Ben Hogan Golf – What Would You Do?

Hi everyone and thanks for stopping by! Callaway’s recent signing of Ernie Els got people talking about Callaway/Hogan/Top Flite and more specifically the future of Ben Hogan Golf. Would Els sign on to play both Callaway and Hogan equipment? Would they move Els to the Hogan side of things to bring life to the company? If not… where is the Hogan brand going?

SirPutts and I had some time at work today and started talking about some of the different theories around Hogan Golf. Callaway picked up the company a few years ago and really hasn’t done a whole lot with it. The brand is filled with tradition and it would be a shame to see it die off. We surfed around the net, gathered a few of the Hogan theories and thought we’d look at them a bit more…

Callaway will sell Ben Hogan off… it was a throw in when Callaway bought Top Flite

When the news first broke that Callaway had bought Hogan this was the first thing that came to my mind. I think the big prize in the deal was Top Flite and the golf ball manufacturing ability it possessed. The idea of selling off Hogan makes some sense. If they’re not going to do anything with it… is there a point in hanging onto it? Some will argue that the Hogan brand is too much of an asset to discard but is this asset costing more than it’s bringing in? The majority of the industry people I talk to figure Callaway will either sell Hogan or simply disband it.

Make Ben Hogan an elite, custom brand consisting of high end irons

This is a theory that has been floating around recently and it is pretty interesting. TaylorMade has it’s TP line… why couldn’t Callaway have their own “players” line? Hogan’s bread and butter are their forged irons. Why don’t they get rid of the woods, balls and hybrids and tighten up the line? Stress the forged heads and custom fitting… things that appeal to the better player.

The biggest downside here is the target market size. There aren’t that many golfers that can hit a forged blade or players cavity. It’s all about making money… why would a company put a lot of time, effort and money into marketing a brand to a very small group of people? Sure you would get some Tour usage but those guys don’t buy their clubs!

The SirPuttsAlot Theory – Make Hogan a value brand like Cobra is to Titleist

An interesting theory. Cobra targets the higher handicap with the smaller budget… why couldn’t Hogan be a similar brand? It’s kind of a 180 but the Hogan name is still pretty popular amongst golfers. Why not use Callaway technology to produce a Big Bertha style wood line and brand these with the Hogan name? You can still keep the Hogan line small but have it target a totally different group of players. I think you’d keep Callaway as is… just add another Hogan influenced “players” iron the mix. The biggest downside that I see could be some customer confusion. People have been trained to think certain things about certain brands. Would a total change in company focus confuse customers?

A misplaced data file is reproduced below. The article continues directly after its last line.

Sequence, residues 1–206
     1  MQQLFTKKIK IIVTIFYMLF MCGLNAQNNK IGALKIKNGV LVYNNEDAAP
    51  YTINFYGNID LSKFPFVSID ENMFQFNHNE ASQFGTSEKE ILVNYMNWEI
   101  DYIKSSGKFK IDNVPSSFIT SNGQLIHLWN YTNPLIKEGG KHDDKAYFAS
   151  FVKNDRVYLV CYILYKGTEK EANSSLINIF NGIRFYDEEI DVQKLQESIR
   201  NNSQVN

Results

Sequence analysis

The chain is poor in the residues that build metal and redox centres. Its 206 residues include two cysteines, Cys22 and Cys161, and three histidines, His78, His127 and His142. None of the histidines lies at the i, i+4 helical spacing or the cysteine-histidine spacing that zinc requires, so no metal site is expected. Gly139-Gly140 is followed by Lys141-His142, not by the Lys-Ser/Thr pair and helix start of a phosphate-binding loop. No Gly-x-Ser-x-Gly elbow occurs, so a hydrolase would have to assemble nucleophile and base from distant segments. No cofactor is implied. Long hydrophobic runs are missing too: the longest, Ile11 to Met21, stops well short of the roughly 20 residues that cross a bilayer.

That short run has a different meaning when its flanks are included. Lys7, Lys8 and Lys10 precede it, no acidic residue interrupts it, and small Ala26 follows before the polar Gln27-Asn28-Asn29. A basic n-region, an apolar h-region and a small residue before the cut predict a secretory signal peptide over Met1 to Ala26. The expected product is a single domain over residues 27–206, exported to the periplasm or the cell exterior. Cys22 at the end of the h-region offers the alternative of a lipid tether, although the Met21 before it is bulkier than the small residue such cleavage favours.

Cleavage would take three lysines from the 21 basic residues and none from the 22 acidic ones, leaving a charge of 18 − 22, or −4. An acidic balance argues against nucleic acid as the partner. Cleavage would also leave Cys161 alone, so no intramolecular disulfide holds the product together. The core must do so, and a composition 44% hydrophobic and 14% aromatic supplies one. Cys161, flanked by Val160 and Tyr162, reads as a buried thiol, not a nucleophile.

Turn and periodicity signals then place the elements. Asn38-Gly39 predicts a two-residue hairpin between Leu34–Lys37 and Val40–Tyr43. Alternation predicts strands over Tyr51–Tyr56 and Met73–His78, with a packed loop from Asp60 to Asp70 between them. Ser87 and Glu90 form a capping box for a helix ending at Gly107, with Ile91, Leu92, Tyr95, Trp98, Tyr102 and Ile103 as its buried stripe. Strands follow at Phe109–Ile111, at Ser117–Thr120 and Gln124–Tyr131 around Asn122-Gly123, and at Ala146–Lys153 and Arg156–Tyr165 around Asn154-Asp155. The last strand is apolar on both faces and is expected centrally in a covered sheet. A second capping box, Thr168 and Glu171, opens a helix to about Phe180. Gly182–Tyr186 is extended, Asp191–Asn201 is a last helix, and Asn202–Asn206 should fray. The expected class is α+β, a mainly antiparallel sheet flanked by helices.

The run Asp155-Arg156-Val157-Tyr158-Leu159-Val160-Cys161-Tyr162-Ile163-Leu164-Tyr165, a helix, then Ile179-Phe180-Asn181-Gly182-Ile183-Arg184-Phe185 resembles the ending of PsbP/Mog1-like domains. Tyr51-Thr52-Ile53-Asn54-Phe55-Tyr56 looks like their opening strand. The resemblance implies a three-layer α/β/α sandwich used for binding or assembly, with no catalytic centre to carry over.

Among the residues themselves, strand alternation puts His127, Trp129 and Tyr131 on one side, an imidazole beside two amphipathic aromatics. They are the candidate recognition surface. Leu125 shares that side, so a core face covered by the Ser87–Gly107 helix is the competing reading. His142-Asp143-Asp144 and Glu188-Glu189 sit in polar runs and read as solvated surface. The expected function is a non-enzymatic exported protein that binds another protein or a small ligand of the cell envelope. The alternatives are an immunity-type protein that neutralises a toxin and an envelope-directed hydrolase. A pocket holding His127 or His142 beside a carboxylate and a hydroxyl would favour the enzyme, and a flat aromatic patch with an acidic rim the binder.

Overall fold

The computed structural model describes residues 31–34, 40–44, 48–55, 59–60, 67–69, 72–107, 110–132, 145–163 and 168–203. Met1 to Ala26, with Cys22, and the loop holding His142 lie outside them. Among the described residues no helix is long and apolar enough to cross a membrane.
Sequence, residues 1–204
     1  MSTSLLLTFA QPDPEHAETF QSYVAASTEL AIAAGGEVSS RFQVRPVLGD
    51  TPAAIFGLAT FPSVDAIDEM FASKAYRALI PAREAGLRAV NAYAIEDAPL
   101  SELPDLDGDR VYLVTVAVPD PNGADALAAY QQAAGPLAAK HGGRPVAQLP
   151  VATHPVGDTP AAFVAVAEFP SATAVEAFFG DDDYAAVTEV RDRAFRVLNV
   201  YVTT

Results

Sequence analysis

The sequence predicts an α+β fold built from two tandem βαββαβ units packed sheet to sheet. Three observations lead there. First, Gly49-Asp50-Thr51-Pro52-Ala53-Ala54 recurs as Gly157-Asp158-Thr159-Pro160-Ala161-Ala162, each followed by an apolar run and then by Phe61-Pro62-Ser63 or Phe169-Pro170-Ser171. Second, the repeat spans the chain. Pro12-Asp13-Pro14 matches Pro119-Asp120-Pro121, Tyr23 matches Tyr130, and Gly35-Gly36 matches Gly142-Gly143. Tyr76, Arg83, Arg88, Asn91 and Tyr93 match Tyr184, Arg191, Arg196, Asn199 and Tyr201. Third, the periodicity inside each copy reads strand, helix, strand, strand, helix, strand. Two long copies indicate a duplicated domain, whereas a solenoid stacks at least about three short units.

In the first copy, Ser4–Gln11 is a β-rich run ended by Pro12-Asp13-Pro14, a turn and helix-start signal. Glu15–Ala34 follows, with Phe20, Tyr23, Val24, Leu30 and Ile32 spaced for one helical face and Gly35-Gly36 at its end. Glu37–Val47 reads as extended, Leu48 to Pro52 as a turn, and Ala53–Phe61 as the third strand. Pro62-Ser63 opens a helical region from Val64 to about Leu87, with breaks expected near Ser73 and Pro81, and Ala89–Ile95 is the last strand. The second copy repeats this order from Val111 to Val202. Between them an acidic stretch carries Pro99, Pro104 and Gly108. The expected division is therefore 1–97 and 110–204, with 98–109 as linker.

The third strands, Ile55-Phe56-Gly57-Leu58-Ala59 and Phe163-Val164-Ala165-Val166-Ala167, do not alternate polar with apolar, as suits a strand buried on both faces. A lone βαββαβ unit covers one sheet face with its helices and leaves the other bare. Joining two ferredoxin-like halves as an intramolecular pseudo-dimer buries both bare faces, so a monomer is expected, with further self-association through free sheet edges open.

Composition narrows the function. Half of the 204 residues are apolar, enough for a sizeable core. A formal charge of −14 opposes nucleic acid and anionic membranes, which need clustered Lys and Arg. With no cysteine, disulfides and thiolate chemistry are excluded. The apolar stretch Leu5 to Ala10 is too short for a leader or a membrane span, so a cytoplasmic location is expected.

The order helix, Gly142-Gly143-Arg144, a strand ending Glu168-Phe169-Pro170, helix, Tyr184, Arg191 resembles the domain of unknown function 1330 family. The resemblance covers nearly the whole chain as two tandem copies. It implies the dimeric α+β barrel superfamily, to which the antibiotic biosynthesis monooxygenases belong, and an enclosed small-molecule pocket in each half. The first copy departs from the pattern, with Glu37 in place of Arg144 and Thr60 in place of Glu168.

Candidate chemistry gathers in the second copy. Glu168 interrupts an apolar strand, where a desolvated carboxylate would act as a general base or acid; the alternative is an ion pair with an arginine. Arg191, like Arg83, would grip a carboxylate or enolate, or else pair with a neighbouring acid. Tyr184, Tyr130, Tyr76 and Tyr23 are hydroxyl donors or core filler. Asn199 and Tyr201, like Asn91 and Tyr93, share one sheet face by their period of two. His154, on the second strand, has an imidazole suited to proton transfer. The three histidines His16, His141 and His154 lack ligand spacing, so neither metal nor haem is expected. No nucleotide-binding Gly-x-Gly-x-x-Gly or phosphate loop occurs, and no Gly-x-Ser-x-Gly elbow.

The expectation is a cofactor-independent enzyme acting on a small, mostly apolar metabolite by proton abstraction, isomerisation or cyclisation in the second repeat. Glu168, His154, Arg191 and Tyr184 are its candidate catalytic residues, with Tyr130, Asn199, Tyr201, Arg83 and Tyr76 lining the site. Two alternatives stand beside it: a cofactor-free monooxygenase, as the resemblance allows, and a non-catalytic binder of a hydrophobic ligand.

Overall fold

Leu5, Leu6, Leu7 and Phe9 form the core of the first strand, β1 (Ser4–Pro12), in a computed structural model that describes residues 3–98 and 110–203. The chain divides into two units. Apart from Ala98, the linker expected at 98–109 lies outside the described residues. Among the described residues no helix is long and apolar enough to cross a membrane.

The SirShanksAlot Theory – No change… just a few tweaks

I see two totally different brands that can co-exist in the right environment. Callaway is one of the biggest golf companies in the world and there is no reason that Ben Hogan should even try to compete with them. Callaway should continue to take center stage and Hogan will just have to get used to sitting off to the side. I think the Hogan brand is too big of an asset to dump and it’s still got enough brand power that it could come back and bite Callaway if sold to a savvy group of investors (or a rival company).

I think there is still some room for a tweak or two though. I’d ditch the wood line… it just doesn’t stack up. Make the company an all iron one… but unlike one of the other theories… keep the irons right where they are. I think Hogan irons are about as “high end” as they need to be. Don’t make them too expensive where only the elite can look at them. Keep the line tight… offer a value iron (something like the BH-5) and 2-3 irons designed for the low-mid handicap. I’d offer a redesigned hybrid in 4 lofts, a forged wedge and a small accessory line. I know the golf balls have some fans but I’d get rid of them. I think the trick to keeping the Hogan line afloat is to keep it small enough that it doesn’t have to rely on Callaway to keep it going.

They really need to push the history of the line in any advertisements they do. Have people talk about their first experience with Hogan clubs and really get people thinking with their hearts and not their wallets. Wilson tried this type of marketing when they relaunched the Staff line and I think it would work with Ben Hogan.

Your Theory – What do you think?

Now it’s your turn. If you were running the show what would you do? Do you ditch it, do you save it, do you tweak it? Send us an email with some thoughts and we’ll post the results in a few days. We look forward to hearing from you!

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